Superstar swimmers Michael Phelps (left) and Ryan Lochte are versatile and talented, making spots on the U.S. men's Olympic team scarce. The pair took silver and gold, respectively, in the 200-meter individual medley at last summer's World Championships.
Credit Peter Parks / AFP/Getty Images
Because of Phelps' dominance, "in the 200 butterfly there is just one spot, essentially," says Dakota Hodgson. He's seen here with his father, Charlie, at a training facility in Nashville, Tenn.
Across the country, swimmers are putting in their final laps before this month's Olympic trials. For many, the dream of making the U.S. swim team has been what gets them out of bed for a predawn practice. But on the men's side of the pool, the superstars of swimming often leave little room for anyone else.
At a recent swim practice in Nashville, Tenn., Dakota Hodgson, 20, puts in laps. And speed-walking to keep up, stopwatch in hand, is his gray-haired coach and father, Charlie Hodgson.
The details sound like something out of a bad science-fiction movie.
A freezer storing human brains for research went on the fritz, and nobody at the Harvard Brain Tissue Resource Center knew for days. Two separate alarms that should have alerted staff to the problem failed to sound late last month.
I'm Melissa Block. And this is ALL THINGS CONSIDERED from NPR News.
CORNISH: The child sex abuse trial of Jerry Sandusky began today in Pennsylvania. The former Penn State assistant football coach faces more than 50 counts of sexually abusing 10 young boys. He denies the charges. Lawyers painted two sharply conflicted portraits of Sandusky in opening statements today.
NPR's Joel Rose was in the courtroom in Bellefonte, Pennsylvania and joins me now. Hello, Joel.
Late last week the attorney general, under pressure from lawmakers, appointed two prosecutors to look into leaks of national security secrets. But leak cases are notoriously difficult to prosecute, and the prospects for these cases are problematic.
In his opening statement at the trial of former Penn State assistant football coach Jerry Sandusky this morning, the prosecutor accused Sandusky of "cultivating" young boys over many years for his alleged "serial predatory behavior," the Pittsburgh Post-Gazette writes.
Originally published on Mon June 11, 2012 12:04 pm
In a state full of tasty surprises, count the Swanton Berry Farm, along the coast highway just north of Santa Cruz, California, among the most charming. At this pick-your-own, certified-organic berry field and farm stand cafe on the planted bluffs above a tumbling surf, you can pick or picnic with ocean views — and, if you're lucky, catch a glimpse of a grey whale and her calf migrating north from Baja.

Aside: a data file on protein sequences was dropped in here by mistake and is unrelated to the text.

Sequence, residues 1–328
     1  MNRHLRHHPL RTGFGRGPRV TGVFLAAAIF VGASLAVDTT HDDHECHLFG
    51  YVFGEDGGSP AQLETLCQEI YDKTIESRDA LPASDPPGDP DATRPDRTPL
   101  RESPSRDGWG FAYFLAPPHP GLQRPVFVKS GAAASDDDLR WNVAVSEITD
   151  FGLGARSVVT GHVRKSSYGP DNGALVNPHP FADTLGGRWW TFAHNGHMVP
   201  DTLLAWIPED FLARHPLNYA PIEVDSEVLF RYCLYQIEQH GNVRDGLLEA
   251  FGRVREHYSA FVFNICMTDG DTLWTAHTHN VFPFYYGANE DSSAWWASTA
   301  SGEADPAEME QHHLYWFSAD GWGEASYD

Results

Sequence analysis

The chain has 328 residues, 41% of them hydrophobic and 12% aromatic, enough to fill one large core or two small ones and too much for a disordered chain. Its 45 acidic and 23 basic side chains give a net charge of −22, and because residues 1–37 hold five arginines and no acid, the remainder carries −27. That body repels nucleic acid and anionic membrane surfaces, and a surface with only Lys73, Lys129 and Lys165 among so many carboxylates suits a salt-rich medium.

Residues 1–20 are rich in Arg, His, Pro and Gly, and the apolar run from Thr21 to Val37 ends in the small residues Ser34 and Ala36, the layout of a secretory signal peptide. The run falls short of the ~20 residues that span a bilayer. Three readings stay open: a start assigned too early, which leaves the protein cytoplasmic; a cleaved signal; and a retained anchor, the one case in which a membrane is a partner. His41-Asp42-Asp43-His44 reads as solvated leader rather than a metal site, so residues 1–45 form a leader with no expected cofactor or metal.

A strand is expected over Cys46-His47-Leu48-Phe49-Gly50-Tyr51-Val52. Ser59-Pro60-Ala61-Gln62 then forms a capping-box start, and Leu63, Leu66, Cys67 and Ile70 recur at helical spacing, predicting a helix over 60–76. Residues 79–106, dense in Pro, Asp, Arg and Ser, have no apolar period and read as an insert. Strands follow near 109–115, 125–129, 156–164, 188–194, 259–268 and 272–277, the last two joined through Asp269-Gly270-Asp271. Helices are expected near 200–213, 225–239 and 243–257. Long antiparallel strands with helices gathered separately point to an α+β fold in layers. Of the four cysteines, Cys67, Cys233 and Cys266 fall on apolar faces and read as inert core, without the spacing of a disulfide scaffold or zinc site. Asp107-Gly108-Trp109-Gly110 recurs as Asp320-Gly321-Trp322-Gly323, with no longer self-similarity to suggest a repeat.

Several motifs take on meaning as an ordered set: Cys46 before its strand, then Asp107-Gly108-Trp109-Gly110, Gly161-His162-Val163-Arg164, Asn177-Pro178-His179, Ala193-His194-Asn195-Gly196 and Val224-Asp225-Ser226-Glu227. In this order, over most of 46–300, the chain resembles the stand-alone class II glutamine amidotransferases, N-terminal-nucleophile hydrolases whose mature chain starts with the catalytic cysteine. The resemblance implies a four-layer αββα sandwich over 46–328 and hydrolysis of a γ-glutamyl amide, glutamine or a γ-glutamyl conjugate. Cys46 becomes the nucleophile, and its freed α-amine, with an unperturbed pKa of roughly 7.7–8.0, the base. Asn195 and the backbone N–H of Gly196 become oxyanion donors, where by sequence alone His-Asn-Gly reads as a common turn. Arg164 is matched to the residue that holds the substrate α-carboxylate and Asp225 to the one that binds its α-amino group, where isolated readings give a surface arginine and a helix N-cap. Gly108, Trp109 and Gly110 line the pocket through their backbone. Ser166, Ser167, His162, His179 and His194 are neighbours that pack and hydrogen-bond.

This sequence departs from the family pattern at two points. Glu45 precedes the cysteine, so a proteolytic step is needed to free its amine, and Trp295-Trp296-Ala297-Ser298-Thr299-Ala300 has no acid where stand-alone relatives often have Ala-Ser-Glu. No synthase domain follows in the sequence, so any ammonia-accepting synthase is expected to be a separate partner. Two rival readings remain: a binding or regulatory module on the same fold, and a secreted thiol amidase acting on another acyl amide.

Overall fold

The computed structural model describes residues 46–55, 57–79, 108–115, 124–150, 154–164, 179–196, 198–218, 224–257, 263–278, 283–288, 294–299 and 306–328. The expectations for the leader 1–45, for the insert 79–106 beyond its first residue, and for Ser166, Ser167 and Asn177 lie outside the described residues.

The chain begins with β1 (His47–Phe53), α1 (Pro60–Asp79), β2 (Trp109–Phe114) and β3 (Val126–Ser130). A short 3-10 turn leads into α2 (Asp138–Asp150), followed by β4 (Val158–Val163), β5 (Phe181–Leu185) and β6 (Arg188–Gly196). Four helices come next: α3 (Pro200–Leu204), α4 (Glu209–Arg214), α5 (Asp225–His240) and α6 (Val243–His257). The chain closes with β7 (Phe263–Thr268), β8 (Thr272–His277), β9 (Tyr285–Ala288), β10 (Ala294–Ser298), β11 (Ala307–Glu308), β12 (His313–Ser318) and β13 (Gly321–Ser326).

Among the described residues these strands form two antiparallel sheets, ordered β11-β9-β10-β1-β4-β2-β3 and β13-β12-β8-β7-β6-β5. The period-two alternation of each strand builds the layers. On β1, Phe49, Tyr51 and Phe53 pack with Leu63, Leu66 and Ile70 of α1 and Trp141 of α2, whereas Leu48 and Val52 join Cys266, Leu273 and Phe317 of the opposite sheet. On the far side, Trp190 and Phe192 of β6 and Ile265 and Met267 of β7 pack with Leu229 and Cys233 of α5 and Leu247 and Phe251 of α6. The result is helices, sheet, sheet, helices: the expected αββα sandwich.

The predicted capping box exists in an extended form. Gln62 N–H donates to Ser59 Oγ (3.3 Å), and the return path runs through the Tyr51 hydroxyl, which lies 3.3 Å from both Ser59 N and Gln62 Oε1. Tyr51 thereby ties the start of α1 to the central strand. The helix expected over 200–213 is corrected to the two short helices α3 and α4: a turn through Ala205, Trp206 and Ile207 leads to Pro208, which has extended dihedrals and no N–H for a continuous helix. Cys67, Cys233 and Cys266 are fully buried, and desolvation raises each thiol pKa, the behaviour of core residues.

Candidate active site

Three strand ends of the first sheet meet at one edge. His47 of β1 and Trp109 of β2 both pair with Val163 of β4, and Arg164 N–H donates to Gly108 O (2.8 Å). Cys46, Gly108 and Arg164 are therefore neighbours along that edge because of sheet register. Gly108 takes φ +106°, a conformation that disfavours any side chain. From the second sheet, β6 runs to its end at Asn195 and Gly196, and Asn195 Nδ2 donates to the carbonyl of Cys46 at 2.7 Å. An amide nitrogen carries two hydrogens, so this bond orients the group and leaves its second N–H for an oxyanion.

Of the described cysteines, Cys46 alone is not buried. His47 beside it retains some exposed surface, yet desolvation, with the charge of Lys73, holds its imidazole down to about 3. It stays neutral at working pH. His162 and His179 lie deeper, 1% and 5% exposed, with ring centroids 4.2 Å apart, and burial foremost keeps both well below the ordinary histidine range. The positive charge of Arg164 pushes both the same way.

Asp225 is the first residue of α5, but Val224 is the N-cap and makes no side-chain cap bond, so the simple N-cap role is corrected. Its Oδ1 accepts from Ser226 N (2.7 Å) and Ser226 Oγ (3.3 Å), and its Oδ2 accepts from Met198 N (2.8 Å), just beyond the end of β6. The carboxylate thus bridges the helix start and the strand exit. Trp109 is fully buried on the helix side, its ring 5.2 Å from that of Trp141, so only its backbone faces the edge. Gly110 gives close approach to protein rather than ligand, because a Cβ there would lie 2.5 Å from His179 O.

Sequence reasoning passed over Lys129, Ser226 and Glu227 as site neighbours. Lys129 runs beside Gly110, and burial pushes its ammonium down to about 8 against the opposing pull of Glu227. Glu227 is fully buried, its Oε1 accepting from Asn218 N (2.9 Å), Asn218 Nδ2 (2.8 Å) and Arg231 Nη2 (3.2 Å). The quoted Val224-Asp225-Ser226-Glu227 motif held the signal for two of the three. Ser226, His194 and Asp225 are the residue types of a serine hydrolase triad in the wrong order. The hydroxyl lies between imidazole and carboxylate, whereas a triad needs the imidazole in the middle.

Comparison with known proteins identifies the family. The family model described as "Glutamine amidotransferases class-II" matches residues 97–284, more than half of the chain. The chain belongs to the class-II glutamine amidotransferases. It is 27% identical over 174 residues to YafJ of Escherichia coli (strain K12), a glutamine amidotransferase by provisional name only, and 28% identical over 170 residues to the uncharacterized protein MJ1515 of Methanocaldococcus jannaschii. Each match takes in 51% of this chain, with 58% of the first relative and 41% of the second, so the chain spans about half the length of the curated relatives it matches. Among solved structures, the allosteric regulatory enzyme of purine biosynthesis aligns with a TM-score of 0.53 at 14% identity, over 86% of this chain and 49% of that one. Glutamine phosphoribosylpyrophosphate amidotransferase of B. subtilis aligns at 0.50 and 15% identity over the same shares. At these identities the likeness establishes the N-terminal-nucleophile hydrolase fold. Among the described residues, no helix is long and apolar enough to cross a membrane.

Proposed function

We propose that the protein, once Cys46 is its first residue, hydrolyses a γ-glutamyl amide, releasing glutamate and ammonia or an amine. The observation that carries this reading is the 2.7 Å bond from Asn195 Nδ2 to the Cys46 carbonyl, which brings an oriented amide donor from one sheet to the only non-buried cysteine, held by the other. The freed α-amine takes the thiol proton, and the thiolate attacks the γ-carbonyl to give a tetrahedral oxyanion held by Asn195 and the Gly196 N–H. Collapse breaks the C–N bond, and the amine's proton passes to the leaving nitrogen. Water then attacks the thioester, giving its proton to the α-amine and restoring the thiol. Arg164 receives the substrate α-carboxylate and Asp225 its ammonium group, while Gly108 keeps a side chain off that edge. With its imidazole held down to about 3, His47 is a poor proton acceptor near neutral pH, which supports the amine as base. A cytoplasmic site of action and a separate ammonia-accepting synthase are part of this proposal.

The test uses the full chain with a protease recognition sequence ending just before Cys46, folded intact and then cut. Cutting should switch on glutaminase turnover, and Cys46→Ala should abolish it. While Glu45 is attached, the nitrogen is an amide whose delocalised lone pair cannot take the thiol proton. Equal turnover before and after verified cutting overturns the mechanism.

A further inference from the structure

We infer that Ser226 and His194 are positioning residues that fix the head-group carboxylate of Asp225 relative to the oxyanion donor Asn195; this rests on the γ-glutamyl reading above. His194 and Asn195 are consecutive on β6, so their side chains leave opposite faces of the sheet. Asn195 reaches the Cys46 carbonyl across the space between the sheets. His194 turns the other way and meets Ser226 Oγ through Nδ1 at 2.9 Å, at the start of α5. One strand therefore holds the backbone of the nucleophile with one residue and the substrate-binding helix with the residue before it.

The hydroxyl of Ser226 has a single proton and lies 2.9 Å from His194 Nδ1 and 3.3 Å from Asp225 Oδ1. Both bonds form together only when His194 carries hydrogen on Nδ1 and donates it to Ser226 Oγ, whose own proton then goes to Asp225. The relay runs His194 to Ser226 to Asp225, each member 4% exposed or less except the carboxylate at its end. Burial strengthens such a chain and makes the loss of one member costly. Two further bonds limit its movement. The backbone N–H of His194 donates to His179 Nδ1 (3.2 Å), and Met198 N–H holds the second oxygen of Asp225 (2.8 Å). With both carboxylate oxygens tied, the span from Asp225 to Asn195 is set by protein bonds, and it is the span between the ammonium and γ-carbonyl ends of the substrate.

Occupy Wall Street's founding forum has declared that the movement's "first generation is succumbing to an insidious institutionalization and ossification that could be fatal to our young spiritual insurrection unless we leap over it right now."
And Canada's Adbusters website, which kicked off the Occupy idea last year, says that "putting our movement back on track will take nothing short of a revolution within Occupy."
Originally published on Mon June 11, 2012 12:38 pm
One of the nation's largest insurers said early Monday it would continue to follow some of the rules in the federal health law that are already in effect, including keeping young adults up to age 26 on their parents' plans and ending lifetime dollar limits, no matter what the Supreme Court decides.
Originally published on Mon June 11, 2012 10:36 pm
Commerce Secretary John Bryson suffered an apparent "seizure" before a series of car crashes on Saturday in Los Angeles, a department spokesman says, according to an Associated Press "alert" issued just after 9:30 a.m. ET today.
As we reported earlier, Bryson was involved in three seemingly fender benders that did little damage and left those involved with only minor injuries — but led police to cite him for "felony hit-and-run."
Update at 10:26 p.m. ET. Bryson To Take Medical Leave:
In the U.S., as we all know, getting basic health care can be financially out of reach for many people who don't have insurance. Some doctors are trying to fill that need by charging patients a flat monthly fee for medical care.
From Oregon, we have story about one of those medical clinics where the doctor is effectively on retainer. Rachael McDonald of member station KLCC reports.
RACHAEL MCDONALD, BYLINE: Steven Kennedy sits in an exam room with Dr. Steven Butdorf. He's getting a physical.